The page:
Every time I go on the ice, I have to read my skates after about 3 minutes warming up and decide whether its a night that I can go tight or need to keep them loose. This process has taught me too lessons. First, being pain free has a much bigger impact on my skating than having my skates locked down. I skate and play much better on pain free loose skates than I do painful, locked down skates. Pain not only affects my footwork, it distracts me enough to affect my play. Second, the looser your skates are, the more it forces you to use proper body position. If I keep a deep knee bend and roll my ankles properly, I can skate well with some pretty damn loose skates. I find that I just have to find that point where my skates are just tight enough to be responsive, but give me the least pain.
I was like this my entire life until 2 weeks ago.

GRAF G3 11' in a narrow. Baked once, skated in 5 times now. Zero pain. I still can't believe it. I guess if a skate really fits you well, no pain is a possibility.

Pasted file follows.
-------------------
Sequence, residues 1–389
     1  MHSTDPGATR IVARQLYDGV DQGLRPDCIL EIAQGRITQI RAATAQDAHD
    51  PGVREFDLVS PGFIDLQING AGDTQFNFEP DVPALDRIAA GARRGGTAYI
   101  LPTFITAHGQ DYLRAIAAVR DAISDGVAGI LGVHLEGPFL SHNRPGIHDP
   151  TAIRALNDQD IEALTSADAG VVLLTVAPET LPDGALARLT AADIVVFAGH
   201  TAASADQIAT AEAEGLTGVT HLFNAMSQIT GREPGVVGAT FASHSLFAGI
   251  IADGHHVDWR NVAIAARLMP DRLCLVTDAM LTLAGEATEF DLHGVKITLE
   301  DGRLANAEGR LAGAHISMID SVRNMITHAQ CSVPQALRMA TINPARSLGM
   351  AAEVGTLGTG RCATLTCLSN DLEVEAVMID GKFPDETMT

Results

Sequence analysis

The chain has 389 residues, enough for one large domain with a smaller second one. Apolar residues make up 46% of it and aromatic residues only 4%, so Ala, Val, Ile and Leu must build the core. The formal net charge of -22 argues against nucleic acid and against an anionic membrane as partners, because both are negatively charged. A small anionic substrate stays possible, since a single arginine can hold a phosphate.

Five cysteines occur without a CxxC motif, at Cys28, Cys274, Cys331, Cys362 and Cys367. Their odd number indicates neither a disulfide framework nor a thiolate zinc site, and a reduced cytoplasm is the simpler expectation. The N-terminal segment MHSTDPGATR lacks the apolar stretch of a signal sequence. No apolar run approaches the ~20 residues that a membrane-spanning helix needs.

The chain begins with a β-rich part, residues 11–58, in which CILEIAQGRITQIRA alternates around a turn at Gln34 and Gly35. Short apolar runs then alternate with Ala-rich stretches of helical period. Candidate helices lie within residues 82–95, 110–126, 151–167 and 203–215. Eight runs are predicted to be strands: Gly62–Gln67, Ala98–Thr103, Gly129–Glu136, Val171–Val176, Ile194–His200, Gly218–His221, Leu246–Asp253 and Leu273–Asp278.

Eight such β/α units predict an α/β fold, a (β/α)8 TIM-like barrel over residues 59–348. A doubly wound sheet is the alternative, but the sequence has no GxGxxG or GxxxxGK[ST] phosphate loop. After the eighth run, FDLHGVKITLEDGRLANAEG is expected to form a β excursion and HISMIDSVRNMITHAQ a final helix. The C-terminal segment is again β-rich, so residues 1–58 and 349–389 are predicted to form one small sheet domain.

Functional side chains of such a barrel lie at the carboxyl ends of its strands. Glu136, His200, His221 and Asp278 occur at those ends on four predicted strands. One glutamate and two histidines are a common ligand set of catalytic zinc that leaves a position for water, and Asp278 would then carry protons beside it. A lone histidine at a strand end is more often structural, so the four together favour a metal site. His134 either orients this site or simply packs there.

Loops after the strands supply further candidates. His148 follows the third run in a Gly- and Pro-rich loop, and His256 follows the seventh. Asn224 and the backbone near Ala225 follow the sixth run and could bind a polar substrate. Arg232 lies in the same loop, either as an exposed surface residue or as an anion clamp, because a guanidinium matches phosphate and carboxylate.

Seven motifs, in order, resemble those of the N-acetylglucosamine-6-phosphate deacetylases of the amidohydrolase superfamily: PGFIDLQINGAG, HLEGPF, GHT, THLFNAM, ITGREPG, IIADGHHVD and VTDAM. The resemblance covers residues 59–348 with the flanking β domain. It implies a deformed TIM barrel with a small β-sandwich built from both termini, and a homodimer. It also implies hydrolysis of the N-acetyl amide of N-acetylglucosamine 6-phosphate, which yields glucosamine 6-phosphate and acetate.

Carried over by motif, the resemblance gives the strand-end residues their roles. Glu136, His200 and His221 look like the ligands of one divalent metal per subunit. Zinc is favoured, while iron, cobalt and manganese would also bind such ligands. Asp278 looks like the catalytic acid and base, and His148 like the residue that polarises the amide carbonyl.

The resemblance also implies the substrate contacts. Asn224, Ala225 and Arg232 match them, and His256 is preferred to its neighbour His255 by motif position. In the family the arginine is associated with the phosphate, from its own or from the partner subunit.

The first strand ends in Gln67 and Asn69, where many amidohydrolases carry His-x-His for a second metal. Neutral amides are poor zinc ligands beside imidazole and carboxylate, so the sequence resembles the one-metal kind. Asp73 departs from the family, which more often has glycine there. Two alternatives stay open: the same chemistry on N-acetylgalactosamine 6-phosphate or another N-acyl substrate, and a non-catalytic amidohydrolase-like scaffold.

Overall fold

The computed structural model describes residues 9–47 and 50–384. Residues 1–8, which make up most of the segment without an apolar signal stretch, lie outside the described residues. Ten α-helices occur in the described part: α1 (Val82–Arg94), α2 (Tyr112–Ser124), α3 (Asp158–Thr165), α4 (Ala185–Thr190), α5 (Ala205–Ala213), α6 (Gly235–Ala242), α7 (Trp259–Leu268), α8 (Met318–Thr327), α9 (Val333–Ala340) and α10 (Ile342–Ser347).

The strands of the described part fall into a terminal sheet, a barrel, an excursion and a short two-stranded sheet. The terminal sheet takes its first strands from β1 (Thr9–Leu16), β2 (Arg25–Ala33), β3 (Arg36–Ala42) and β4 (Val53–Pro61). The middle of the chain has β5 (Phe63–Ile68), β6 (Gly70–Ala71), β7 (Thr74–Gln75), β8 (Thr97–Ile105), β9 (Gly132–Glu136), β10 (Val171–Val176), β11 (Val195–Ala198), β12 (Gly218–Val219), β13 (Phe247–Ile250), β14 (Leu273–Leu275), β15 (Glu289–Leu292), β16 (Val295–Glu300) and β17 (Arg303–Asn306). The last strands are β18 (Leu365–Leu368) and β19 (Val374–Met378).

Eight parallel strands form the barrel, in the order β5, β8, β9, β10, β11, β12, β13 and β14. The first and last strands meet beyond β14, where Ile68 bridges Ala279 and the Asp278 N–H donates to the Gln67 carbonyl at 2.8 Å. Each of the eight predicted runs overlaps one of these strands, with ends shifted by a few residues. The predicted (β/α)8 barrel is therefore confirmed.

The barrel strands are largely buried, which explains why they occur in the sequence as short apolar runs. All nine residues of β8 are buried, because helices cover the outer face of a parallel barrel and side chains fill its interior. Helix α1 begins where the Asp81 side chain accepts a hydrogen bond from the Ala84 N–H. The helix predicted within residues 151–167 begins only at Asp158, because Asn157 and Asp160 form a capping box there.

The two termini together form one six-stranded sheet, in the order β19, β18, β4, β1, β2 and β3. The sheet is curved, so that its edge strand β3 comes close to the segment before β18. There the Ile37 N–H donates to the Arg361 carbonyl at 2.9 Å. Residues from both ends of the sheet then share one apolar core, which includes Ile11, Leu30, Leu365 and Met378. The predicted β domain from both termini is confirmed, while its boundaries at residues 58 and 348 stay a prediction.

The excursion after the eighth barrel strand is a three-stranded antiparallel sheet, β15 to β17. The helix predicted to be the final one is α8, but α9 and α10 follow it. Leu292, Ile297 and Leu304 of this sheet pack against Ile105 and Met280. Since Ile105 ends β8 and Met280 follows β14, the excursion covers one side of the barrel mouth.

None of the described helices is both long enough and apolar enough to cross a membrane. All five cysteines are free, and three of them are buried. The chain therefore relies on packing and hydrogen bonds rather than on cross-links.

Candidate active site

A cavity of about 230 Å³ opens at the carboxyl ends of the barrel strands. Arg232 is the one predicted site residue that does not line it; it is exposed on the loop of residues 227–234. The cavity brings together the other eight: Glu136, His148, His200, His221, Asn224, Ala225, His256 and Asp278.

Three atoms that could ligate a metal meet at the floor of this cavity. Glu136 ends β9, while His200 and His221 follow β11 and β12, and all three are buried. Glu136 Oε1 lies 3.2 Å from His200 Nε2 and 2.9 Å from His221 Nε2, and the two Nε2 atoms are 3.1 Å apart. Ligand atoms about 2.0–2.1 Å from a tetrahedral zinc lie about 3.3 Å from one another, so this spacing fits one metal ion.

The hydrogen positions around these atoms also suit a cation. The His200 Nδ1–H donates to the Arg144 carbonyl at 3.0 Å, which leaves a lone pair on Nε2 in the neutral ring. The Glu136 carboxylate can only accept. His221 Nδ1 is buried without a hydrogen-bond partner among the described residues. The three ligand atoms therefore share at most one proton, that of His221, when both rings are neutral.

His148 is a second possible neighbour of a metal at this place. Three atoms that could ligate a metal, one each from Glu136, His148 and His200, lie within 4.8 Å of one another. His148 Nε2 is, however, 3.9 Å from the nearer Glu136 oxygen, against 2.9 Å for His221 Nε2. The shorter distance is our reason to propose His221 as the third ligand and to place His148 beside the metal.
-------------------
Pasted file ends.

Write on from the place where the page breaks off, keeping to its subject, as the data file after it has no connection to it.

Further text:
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01-20-2012, 01:06 AM
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Quote:
Originally Posted by Guffaw View Post
I was like this my entire life until 2 weeks ago.

GRAF G3 11' in a narrow. Baked once, skated in 5 times now. Zero pain. I still can't believe it. I guess if a skate really fits you well, no pain is a possibility.
Yeah with me it was easton eq20, they're sweet

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01-20-2012, 07:40 AM
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Originally Posted by SmythesMinions View Post
Yeah with me it was easton eq20, they're sweet
Glad to hear it!